UMBERSLADE Farm Park has rescued 30 battery-farm chickens from slaughter - so children can get an insight into intensive poultry production.
Jo Burnard is the farm supervisor at Umberslade Farm Park in Tanworth-in-Arden which opened for half-term on February 13 and during the course of the year will be visited by thousands of children in school parties as well as family visits.
Jo, a graduate from the Moreton Morrell campus at Warwickshire College, came up with the idea after visiting the website of the Battery Hen Welfare Trust.
“This is a wonderful charity that rescues thousands of battery hens a year and finds homes for them to start a new life as free range birds. In mid-January I picked up 30 brown laying hens in boxes in my Land Rover and introduced them to life at Umberslade Farm Park.
“The hens are all approximately 17 months old, which is the age when battery hens are disposed of by the egg producers because their laying cycle has started to decline. After this age apparently they stop laying one egg a day and regress to laying five eggs over seven days.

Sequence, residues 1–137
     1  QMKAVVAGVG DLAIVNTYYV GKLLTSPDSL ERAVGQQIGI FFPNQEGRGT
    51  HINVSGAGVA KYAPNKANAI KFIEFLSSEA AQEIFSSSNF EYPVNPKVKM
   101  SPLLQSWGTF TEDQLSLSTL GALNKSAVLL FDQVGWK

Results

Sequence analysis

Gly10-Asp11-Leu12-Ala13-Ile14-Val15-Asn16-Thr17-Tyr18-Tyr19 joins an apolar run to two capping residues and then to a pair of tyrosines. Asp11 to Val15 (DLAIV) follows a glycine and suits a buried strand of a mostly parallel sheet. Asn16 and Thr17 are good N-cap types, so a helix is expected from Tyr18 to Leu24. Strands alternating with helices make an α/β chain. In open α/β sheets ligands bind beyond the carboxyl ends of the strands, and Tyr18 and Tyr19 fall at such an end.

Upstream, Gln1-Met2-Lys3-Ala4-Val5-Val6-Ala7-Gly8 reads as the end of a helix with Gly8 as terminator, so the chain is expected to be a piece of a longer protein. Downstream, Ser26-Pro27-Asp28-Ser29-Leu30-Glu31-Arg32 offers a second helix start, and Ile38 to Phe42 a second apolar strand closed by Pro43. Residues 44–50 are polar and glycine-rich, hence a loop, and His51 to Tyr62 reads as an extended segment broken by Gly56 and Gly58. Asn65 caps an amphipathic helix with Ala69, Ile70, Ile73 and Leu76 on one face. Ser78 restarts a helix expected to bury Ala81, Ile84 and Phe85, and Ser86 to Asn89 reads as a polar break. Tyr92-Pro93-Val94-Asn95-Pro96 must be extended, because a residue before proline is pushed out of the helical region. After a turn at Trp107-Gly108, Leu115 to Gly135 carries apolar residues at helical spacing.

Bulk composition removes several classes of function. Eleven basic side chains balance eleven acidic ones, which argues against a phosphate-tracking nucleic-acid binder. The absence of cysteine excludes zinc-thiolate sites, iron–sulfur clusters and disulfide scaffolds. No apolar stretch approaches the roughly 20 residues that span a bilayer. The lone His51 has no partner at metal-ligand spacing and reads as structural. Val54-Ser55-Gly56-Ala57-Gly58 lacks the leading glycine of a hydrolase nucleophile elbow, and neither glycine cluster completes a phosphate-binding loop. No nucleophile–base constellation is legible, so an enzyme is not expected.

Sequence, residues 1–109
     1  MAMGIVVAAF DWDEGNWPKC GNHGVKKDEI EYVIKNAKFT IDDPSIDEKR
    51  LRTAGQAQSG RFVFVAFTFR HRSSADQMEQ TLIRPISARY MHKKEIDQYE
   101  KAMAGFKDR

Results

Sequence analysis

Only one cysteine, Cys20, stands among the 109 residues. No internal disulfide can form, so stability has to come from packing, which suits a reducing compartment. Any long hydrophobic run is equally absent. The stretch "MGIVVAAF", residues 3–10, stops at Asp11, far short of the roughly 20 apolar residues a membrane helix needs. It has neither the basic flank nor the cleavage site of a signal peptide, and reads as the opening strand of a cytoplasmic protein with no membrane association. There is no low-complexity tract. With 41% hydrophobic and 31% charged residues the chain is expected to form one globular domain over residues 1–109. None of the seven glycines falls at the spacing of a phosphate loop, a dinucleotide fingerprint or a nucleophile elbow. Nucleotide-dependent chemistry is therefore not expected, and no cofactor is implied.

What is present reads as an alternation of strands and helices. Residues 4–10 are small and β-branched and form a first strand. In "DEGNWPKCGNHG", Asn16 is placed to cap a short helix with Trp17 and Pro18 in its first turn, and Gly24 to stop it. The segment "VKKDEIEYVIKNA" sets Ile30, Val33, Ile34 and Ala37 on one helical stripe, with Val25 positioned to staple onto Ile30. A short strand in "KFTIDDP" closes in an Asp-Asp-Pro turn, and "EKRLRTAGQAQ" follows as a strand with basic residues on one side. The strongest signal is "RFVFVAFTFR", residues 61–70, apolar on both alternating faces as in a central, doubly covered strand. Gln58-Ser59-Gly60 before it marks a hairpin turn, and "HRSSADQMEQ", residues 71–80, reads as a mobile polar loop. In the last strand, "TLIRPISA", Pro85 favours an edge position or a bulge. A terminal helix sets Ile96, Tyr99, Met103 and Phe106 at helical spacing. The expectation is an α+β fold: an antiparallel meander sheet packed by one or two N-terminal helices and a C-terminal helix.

“They are no longer deemed suitable for the production industry but are still perfectly good for laying eggs for a further three years. At Umberslade we are bringing them on until they are ready to go outside in the warmer weather and root around as free range birds.”
Umberslade Farm Park is run by Oliver Muntz and Matt Porter, two recent graduates of Harper Adams University College in Shropshire, having closed in April last year for refurbishment.
Oliver said: “People visiting the farm will be able to get close to sheep, pigs, chicks, goats, donkeys, ponies and shire horses. Most activities will be undertaken in one of the upgraded barns and farm buildings so visitors won’t be exposed to adverse weather.”
Activities will include bottle feeding lambs, handling baby chicks, ferret racing, tractor and trailer and pony rides, and crop investigation walks - depending on the time of year.